Garmin Fenix 6 Pro Solar Test the solar powered super watch

Garmin’s newest Fenix 6 Pro solar multisport watch that goes anywhere is charged by the sun and is an important step towards the smartwatch that you never have to charge.

The £ 739.99 Garmin Fenix 6 Pro Solar is one of the top devices from the US company. It can be charged for weeks and track virtually any status you want. Plus, it can get you out of the woods when you’re lost.

The watch is available with either a 42 or 47 mm case and in various colors and materials, here in slate gray with red accents and a 47 mm case.

In every dimension, Fenix ​​6 Pro Solar means business. With a thickness of 15.1 mm and a diameter of 47 mm on the wrist, it outshines most other smartwatches. It doesn’t feel huge when worn, it still fits under shirt cuffs and doesn’t start.

It weighs 62g, which is pretty light – the smaller Fossil Gen 5 weighs closer to 100g. With the included 23 g silicone bracelet, the watch feels well balanced on the wrist and does not slide around after completion. It’s comfortable to wear with a lot of customization. The 22mm armband can be exchanged for either a Garmin quick release band or a standard 22mm third party armband.

The 1.3-inch non-touch screen is a color transflective LCD display that is easily visible in direct sunlight and has a backlight to see it in the dark. The screen is protected by scratch-resistant Gorilla Glass 3 DX and is large and clear enough to see at a glance. It’s more animated than Garmin’s similar displays on watches like the Forerunner 245, but not as chic or handsome as the OLED screens on most smartwatches.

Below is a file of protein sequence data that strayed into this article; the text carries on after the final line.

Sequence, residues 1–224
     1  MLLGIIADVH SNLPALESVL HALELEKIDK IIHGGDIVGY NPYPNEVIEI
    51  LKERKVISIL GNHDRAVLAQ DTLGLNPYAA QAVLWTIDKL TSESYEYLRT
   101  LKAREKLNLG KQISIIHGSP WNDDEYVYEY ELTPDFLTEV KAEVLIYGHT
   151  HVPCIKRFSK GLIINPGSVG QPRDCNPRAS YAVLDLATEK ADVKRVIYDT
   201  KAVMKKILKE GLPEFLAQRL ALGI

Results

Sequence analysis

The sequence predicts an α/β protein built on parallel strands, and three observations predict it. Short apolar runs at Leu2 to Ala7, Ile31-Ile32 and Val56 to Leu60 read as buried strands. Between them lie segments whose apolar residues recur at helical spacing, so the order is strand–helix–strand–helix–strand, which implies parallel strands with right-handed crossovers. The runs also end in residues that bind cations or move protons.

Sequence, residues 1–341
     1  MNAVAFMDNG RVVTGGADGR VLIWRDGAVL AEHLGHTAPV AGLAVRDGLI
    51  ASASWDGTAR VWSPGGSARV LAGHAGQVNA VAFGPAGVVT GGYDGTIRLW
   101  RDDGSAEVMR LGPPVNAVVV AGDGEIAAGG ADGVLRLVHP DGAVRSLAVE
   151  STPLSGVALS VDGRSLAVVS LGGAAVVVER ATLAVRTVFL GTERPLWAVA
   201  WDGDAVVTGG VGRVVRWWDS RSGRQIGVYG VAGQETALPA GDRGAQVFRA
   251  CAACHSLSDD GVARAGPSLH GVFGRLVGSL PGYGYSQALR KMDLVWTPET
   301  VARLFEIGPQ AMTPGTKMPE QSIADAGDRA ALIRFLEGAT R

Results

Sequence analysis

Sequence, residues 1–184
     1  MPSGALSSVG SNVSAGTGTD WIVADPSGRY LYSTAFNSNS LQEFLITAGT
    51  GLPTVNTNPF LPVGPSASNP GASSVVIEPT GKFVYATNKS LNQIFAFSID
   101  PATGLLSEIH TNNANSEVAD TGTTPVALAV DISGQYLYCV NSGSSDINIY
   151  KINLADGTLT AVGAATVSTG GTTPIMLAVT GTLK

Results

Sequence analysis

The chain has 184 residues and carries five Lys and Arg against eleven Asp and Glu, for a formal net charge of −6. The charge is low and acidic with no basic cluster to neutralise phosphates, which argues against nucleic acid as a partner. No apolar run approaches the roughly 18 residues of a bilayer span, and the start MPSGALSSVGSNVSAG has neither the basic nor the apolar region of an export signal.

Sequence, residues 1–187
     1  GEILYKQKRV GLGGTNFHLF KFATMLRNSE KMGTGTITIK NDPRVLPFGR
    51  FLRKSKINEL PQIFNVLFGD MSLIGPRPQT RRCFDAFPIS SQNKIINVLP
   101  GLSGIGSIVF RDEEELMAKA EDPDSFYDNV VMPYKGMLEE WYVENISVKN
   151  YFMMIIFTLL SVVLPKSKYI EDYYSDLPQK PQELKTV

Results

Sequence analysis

Five physical buttons take care of the controls. Most things are quick and easy to do with the up, down, select, and back buttons. If you imagine it working a bit like an old school or retro Nokia, you will get a rough idea of ​​how it works.

Scroll up or down from the watch face to reveal a number of customizable widgets. I got smartwatch notifications first, then a bunch of health stats including heart, stress and sleep, temperature, sun intensity, a bunch of widgets for mileage and so on. There are many to choose from.

Each of the buttons also has a keyboard shortcut to hold and hold. I set it up so holding the down button opens the music controls to make settings, and holding the light button takes you to a number of rotating quick settings including timers, alarms, and Garmin Pay.

Screen: 1.3 inch transflective MIP (260 x 260 pixels)
Case size: 47mm
Case thickness: 15.1 mm
Band size: Standard 22mm quick release
Weight: only 62 g body (silicone strap is 23 g)
Memory: 32 GB
Water resistance: 100 meters (10ATM)
Sensors: GPS / Glonass / Galileo, compass, accelerometer, thermometer, heart rate, pulse ox
Connectivity: Bluetooth 4.2, ANT +, WLAN
Connections and battery life

The Fenix ​​6 Pro Solar is much less dependent on your phone than most smartwatches. You don’t even have to pair a phone to set it up.

Pairing with the Garmin Connect app allows alerting of calls, texts and other notifications, control of music, and syncing of activities, all of which work great with a wide variety of phones. The watch has WiFi so that it can synchronize directly with the Internet and download updates or music. It can be connected to a computer to sync and update via Garmin Express. This is a requirement if you want to update the built-in maps.

Without a phone, the watch keeps track of your vital signs and activities for weeks with a large amount of internal memory, including a fairly comprehensive analysis. You could drive into the wilderness for a week without a phone and still do everything, including mapping, which most smartwatches don’t.